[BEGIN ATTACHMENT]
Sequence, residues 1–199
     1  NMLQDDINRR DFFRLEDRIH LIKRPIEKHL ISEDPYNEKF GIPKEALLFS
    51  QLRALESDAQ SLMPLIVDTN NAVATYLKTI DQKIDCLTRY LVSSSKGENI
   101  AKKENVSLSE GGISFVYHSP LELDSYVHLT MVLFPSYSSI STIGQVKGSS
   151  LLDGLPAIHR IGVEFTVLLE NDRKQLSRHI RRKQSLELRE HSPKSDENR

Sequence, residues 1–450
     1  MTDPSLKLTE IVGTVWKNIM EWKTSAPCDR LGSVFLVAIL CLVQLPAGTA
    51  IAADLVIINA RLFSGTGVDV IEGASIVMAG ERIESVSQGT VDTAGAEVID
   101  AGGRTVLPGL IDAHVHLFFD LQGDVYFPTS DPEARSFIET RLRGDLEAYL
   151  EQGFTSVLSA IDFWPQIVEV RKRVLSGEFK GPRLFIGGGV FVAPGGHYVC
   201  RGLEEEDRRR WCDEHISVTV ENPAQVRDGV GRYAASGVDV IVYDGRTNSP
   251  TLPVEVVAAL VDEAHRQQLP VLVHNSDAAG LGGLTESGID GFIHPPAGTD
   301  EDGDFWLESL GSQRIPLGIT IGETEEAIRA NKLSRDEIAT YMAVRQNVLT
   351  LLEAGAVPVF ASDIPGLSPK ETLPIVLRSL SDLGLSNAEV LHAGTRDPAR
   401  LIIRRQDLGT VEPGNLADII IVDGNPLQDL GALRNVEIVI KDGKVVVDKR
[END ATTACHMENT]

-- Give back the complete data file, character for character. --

Sequence, residues 1–199
     1  NMLQDDINRR DFFRLEDRIH LIKRPIEKHL ISEDPYNEKF GIPKEALLFS
    51  QLRALESDAQ SLMPLIVDTN NAVATYLKTI DQKIDCLTRY LVSSSKGENI
   101  AKKENVSLSE GGISFVYHSP LELDSYVHLT MVLFPSYSSI STIGQVKGSS
   151  LLDGLPAIHR IGVEFTVLLE NDRKQLSRHI RRKQSLELRE HSPKSDENR

Sequence, residues 1–450
     1  MTDPSLKLTE IVGTVWKNIM EWKTSAPCDR LGSVFLVAIL CLVQLPAGTA
    51  IAADLVIINA RLFSGTGVDV IEGASIVMAG ERIESVSQGT VDTAGAEVID
   101  AGGRTVLPGL IDAHVHLFFD LQGDVYFPTS DPEARSFIET RLRGDLEAYL
   151  EQGFTSVLSA IDFWPQIVEV RKRVLSGEFK GPRLFIGGGV FVAPGGHYVC
   201  RGLEEEDRRR WCDEHISVTV ENPAQVRDGV GRYAASGVDV IVYDGRTNSP
   251  TLPVEVVAAL VDEAHRQQLP VLVHNSDAAG LGGLTESGID GFIHPPAGTD
   301  EDGDFWLESL GSQRIPLGIT IGETEEAIRA NKLSRDEIAT YMAVRQNVLT
   351  LLEAGAVPVF ASDIPGLSPK ETLPIVLRSL SDLGLSNAEV LHAGTRDPAR
   401  LIIRRQDLGT VEPGNLADII IVDGNPLQDL GALRNVEIVI KDGKVVVDKR